Quiller-Couch was asked by Cornwall County Council to draft a resolution to mark the end of World War One - it was inscribed in stone as a memorial in what is now 'Old County Hall' (opposite the station in Truro).
The inscription recorded with gratitude the services of all who had helped in the War and commended 'to the remembrance of their countrymen all those who by payment of their lives have redeemed their country.'
Particularly poignant as Quiller-Couch had lost his only son, Bevil, in the War. Bevil fought through four years but tragically ded of fever after marching with his unit into Germany in February 1919.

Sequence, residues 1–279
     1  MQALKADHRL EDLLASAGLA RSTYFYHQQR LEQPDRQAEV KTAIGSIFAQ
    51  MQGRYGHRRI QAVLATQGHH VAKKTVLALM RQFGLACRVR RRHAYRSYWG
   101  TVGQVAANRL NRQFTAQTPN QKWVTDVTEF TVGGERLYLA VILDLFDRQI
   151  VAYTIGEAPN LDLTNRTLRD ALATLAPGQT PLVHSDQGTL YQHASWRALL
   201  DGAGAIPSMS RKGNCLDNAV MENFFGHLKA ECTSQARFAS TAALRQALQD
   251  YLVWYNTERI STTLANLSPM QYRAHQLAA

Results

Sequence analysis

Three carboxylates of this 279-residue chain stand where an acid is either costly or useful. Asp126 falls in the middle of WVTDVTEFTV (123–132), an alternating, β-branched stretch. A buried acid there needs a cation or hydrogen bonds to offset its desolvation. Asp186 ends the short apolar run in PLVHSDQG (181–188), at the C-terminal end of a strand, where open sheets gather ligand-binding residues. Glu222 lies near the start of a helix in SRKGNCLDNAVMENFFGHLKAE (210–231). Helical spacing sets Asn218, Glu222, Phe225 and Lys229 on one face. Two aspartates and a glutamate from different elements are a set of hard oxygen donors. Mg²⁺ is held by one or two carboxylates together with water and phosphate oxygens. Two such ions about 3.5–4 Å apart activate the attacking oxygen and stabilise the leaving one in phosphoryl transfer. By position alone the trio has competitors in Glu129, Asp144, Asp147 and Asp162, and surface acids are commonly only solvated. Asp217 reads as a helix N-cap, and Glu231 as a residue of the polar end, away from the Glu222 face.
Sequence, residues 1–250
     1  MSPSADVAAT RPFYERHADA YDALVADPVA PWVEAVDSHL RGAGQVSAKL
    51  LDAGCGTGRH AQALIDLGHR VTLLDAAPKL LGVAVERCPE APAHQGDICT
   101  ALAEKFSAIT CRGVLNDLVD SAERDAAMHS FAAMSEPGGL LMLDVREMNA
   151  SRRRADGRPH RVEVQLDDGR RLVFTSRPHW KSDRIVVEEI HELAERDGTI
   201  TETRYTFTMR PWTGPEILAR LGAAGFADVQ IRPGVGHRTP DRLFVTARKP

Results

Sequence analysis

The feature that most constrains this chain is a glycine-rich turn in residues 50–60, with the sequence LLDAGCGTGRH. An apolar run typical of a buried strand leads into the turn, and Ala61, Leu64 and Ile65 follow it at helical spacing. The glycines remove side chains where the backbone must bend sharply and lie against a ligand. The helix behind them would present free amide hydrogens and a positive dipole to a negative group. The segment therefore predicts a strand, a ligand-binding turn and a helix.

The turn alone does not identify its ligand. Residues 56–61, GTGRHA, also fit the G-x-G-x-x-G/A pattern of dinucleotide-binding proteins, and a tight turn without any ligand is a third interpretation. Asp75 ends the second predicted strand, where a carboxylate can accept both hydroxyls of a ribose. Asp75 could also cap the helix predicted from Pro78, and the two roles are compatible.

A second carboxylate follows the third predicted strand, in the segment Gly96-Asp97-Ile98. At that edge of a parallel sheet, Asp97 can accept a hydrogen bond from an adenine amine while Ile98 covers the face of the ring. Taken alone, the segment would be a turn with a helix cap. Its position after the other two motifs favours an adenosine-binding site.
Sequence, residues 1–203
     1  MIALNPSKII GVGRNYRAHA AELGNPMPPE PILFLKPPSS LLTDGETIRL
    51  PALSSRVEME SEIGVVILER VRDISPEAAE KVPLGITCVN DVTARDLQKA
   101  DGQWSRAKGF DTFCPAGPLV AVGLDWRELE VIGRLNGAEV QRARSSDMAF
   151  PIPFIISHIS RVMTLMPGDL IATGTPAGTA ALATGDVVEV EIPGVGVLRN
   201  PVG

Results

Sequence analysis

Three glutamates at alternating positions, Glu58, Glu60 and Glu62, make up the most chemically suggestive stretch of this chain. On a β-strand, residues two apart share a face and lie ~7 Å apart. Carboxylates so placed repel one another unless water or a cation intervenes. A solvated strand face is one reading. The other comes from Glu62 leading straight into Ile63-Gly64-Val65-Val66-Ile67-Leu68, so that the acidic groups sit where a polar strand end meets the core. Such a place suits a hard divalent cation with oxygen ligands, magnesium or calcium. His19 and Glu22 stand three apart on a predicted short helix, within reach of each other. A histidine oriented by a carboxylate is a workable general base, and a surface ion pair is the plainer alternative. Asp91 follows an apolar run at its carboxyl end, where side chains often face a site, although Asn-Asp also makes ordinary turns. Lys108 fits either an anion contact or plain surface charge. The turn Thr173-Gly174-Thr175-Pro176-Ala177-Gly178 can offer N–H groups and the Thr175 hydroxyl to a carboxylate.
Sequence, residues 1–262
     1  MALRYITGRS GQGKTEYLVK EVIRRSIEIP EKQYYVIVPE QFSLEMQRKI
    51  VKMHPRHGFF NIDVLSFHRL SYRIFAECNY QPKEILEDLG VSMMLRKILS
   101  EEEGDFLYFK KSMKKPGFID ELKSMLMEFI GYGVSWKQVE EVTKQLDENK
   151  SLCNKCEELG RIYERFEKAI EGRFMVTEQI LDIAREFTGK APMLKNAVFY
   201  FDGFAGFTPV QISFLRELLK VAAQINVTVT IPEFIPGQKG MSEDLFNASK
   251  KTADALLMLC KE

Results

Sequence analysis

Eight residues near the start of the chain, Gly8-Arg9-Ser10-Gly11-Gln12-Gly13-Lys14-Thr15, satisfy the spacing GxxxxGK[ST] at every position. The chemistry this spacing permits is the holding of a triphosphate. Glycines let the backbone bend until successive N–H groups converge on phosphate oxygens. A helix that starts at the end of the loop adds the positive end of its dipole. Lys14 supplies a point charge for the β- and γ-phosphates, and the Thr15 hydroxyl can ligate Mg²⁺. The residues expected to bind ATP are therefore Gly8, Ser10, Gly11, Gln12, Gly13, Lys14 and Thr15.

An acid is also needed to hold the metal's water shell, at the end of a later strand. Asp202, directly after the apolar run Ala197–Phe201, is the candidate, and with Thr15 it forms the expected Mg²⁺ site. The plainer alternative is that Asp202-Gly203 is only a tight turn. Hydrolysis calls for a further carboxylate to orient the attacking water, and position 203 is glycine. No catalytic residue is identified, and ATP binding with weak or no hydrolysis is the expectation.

More ironic, says Rowse: 'They thought that it had been "a war to end war" - and look around at the world since! The historian sees that 1914 initiated a century of war."
More about Cornwall in World War One at our exhibition Heart of Conflict, now open at the Royal Cornwall Museum, Truro. The Q Fund, administered by the County Council has awarded small grants for literary projects and research in Cornwall since 1945.